Real estate is an emotional business, and home buyers can allow their feelings to interfere with the decision-making process, reports the New York Observor.
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"As a practitioner, you sometimes need to be the therapist or sounding board for what is happening elsewhere in a client's life," says Mickey Conlon of CORE Real Estate in New York City. "The key to success for agents and buyers lies in staying focused. That's the reason why some agents are more successful and why, occasionally, buyers lose out on a property they should have bought."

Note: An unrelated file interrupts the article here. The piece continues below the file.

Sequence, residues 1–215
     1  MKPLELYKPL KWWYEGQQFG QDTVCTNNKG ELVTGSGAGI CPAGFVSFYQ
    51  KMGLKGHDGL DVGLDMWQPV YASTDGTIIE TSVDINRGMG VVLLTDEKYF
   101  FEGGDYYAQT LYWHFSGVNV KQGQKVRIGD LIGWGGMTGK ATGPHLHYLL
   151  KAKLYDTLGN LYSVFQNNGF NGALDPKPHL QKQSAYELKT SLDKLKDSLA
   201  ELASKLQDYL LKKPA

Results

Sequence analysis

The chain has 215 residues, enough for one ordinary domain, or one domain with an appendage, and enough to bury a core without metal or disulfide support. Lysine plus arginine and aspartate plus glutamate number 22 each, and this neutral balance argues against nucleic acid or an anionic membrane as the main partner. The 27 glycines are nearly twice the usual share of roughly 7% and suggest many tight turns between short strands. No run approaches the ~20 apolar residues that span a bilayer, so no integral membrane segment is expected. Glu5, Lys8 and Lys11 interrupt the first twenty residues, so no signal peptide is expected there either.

Jessica Cohen of Douglas Elliman says buyers can arrive at a property frustrated with the lack of a parking space or some other occurrence, which prevents them from truly seeing that a home meets their needs.
"This means it's very important to be able to read their moods and give them space on a viewing if they need it," she says.
A realtor.com study shows that 69 percent of users had a "home crush," despite the fact that the targeted property did not meet their needs.
"Emotional niggles can be mended, whereas one bedroom too few or a brick wall view through a window cannot," adds Cohen.